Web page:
Unfortunately for Grace, Sylvie is a particularly difficult child. Grace is on edge much of the time hoping that Sylvie will give the appearance of a normal child, or, of more importance, that Sylvie has a reprieve from her ever-present sadness. Grace knows an outburst can be triggered at any second. Sylvie just doesn’t cry or scream; she has tantrums so severe it can induce vomiting. It is everyone’s opinion that Sylvie is old enough that she should be growing out of this behavior, instead she is behaving worse. Though Grace never comes off as a confident parent, deep down she does believe the real problem is not because she’s raising Sylvie on her own as others are too readily to give blame, but because there is something wrong with Sylvie; something beyond her reach. Grace is at the dentist when she reads an article about a researcher in the Psychology department at the local university who does scientific tests on paranormal occurrences. One example is of a little boy who insists that he remembers a previous life. There is enough in the article to make Grace think of Sylvie. She is called into the dentist chair before she has a chance to make note of how to get in touch with this Dr. Adam Winters who is doing the study.

Not long after this, Grace is looking at a male model in a magazine ad when Sylvie’s “face flicks from the photo to my face and back again to the photo, her eyes widening, brightening; then she flings herself against me. The side of her face and body are hot from the gas fire. She gives me a brief, hot hug. I can feel her heart pound. ‘You found it, Grace,’ she says. Her smile is like a light switched on…‘There it is, that’s my seaside, isn’t it, Grace?’” Grace is unsure as to what Sylvie means by this, for an instant even wonders if Sylvie sees the uncanny resemblance of the male model and the father she’s never met, which is the reason that Grace was looking at the photo. Sylvie insists that Grace carefully cut the photo from the magazine and tack it next to her bed. After this, Grace often finds Sylvie staring at it when she should be sleeping and sometimes finds it under her pillow. Though she is unsure what it all means, Grace does try to put a location to this seaside.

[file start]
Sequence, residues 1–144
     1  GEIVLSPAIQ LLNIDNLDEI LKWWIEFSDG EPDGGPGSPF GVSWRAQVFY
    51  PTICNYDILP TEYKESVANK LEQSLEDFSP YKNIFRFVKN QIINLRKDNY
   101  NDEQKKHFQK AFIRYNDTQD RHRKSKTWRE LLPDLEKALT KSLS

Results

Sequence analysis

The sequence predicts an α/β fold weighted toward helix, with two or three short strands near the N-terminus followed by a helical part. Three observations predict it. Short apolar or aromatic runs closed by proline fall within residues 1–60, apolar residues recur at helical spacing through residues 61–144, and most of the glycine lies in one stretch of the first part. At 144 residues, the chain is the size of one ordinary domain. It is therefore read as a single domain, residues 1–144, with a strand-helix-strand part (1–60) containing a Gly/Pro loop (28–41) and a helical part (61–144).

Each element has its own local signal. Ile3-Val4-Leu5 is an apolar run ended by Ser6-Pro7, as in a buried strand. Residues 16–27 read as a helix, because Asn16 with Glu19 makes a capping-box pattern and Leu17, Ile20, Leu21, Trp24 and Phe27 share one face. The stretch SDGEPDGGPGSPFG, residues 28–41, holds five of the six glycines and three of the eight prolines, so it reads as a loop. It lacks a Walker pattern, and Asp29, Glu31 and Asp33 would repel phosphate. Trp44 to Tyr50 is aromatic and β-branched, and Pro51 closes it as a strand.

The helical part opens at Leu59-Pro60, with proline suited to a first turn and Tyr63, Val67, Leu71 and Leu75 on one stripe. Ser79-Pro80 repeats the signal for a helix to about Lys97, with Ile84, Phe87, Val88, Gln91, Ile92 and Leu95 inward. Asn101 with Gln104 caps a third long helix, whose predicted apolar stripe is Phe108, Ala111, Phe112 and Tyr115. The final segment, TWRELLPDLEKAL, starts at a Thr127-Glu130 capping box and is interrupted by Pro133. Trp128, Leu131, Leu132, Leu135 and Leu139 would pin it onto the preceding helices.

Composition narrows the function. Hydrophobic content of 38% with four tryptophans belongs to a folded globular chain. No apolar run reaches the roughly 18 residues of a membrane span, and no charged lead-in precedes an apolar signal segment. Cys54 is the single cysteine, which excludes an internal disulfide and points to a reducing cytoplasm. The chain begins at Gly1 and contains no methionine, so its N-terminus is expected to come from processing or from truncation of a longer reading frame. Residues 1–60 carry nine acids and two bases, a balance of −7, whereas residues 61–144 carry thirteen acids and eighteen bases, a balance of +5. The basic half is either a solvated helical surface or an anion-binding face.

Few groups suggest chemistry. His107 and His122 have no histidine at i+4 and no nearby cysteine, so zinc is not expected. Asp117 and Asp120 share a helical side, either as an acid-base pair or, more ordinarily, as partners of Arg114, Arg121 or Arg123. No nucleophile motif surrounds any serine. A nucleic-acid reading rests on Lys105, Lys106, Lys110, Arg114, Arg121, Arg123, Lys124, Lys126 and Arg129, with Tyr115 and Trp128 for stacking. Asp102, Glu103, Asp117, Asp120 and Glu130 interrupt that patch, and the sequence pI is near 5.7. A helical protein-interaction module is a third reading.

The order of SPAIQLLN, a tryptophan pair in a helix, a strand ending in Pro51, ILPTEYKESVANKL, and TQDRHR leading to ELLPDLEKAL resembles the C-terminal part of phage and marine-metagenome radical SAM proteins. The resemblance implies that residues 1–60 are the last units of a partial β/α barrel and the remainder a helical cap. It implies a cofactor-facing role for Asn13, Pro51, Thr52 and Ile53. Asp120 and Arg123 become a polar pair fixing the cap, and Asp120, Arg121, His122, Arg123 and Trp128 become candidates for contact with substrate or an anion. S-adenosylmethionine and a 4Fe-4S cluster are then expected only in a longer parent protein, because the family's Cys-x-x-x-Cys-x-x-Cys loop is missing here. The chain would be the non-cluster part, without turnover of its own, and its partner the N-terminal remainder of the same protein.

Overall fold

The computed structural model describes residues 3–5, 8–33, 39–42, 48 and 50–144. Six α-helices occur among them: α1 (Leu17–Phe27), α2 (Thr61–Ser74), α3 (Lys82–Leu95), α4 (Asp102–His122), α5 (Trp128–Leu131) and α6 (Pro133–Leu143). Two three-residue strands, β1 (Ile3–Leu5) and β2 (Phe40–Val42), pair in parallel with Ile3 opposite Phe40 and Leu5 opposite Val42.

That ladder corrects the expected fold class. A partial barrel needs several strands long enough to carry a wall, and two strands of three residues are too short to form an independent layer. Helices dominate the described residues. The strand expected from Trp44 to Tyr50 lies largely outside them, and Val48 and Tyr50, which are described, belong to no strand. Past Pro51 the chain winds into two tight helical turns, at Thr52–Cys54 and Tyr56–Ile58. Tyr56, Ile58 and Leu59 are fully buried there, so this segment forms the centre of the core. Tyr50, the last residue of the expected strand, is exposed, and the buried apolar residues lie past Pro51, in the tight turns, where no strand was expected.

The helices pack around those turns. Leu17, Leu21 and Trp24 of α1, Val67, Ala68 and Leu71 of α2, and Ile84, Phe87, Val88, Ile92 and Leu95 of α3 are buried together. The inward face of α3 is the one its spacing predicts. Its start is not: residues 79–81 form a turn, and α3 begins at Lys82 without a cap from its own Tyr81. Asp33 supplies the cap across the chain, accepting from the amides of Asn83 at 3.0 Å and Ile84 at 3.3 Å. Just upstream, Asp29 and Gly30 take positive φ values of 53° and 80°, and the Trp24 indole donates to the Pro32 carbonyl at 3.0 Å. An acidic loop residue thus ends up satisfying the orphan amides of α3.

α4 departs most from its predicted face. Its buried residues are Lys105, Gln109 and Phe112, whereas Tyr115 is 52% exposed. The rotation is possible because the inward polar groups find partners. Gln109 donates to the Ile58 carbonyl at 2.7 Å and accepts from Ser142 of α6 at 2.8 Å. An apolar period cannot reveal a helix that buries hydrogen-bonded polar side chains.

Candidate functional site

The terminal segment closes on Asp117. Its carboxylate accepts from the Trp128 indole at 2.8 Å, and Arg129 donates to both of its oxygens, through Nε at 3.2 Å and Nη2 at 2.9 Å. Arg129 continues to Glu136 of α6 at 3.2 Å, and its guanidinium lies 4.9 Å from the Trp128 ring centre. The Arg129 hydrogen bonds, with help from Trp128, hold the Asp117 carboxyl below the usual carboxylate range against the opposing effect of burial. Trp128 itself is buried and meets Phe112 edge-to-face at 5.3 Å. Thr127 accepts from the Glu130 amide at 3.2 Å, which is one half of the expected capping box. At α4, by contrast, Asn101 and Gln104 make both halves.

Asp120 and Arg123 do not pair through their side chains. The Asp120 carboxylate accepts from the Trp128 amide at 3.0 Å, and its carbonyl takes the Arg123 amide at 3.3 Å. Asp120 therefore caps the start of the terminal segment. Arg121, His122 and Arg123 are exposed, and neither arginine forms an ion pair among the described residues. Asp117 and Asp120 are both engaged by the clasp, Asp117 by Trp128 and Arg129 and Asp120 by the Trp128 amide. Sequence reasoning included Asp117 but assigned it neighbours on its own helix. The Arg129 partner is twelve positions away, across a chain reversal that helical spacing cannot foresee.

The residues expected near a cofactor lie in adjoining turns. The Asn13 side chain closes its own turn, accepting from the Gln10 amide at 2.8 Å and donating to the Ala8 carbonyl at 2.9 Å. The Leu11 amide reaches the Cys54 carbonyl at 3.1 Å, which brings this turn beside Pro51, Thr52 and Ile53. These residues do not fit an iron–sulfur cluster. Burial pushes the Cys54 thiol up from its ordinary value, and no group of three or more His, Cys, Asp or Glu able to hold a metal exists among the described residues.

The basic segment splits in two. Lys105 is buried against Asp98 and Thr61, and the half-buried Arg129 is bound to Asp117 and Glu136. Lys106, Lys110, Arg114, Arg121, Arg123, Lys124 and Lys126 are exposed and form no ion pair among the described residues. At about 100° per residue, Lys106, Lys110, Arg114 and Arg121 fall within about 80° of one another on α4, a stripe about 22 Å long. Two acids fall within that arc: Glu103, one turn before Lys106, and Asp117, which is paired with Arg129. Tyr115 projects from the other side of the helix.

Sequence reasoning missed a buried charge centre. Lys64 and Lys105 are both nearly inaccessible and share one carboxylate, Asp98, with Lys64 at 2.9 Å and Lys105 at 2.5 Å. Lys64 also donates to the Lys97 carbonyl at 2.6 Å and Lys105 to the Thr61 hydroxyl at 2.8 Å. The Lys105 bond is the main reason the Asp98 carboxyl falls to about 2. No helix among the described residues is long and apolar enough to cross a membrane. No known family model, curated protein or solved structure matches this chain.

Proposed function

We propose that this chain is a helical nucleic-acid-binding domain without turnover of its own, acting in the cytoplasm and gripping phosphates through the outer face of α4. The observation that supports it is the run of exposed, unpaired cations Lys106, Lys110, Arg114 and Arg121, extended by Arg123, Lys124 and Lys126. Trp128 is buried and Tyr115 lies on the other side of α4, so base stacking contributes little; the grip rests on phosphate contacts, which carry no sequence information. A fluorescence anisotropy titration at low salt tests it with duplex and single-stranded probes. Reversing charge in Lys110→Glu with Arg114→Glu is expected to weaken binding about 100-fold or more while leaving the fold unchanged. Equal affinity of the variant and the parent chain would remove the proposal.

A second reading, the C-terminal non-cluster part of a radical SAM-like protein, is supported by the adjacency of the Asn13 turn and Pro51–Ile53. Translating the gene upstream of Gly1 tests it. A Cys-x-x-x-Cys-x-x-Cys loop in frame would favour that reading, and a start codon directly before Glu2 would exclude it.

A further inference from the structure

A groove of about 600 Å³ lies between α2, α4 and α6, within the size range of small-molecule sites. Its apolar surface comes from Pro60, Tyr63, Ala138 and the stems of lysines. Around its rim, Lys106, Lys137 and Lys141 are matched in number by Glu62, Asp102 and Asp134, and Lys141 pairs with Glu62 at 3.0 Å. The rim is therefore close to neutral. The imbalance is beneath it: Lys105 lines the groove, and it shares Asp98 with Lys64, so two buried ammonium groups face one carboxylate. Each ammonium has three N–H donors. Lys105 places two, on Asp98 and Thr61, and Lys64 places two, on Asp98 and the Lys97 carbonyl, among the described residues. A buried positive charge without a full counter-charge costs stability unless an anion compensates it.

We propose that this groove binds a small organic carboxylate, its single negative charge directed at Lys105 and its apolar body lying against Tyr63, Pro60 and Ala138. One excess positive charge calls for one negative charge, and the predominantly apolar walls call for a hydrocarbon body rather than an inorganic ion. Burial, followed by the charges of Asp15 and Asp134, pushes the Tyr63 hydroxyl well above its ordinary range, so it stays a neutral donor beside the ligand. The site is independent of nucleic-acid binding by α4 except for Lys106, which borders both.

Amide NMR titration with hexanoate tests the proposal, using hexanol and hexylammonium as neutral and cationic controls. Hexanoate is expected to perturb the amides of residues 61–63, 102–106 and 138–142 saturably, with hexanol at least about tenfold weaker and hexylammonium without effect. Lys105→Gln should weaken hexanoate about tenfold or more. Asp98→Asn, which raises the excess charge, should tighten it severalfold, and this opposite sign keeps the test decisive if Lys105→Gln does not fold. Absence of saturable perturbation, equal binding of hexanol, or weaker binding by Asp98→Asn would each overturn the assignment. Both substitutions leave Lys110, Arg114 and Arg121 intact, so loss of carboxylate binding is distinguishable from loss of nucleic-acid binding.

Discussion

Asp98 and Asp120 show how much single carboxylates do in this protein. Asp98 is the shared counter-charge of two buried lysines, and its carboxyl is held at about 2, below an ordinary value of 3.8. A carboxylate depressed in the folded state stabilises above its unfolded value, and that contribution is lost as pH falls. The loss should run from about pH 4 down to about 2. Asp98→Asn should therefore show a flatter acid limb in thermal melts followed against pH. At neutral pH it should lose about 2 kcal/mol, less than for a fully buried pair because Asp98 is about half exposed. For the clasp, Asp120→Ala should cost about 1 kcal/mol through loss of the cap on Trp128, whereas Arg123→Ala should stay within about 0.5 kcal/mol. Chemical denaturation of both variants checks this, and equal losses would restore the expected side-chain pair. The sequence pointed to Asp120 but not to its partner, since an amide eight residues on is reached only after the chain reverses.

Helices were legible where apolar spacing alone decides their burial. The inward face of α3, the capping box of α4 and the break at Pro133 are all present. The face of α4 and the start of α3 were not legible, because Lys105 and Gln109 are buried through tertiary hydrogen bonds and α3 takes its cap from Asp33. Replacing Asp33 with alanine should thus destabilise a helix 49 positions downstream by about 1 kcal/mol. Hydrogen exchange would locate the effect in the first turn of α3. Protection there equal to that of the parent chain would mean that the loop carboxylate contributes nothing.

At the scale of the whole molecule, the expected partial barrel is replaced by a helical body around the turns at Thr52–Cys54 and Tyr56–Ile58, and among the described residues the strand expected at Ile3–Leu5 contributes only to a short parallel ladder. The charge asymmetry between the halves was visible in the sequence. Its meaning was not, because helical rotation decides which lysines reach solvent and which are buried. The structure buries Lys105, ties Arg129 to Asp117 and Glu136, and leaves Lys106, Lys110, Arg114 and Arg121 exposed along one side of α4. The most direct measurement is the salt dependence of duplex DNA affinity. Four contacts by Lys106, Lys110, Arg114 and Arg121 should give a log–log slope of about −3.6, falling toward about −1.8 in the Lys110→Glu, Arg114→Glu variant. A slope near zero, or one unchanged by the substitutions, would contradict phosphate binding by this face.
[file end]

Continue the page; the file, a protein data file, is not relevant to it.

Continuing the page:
Meanwhile, Mrs. Pace-Barden who runs Little Acorns nursery has given Grace a warning about Sylvie’s worsening behavior. She recommends a Dr. Strickland and Grace is more than willing to give this a try. In fact she’s very optimistic, until the appointment is over and realizes that the doctor has decided she is the problem behind her daughter’s behavior. And when she discusses this with Karen, Karen hints at the same.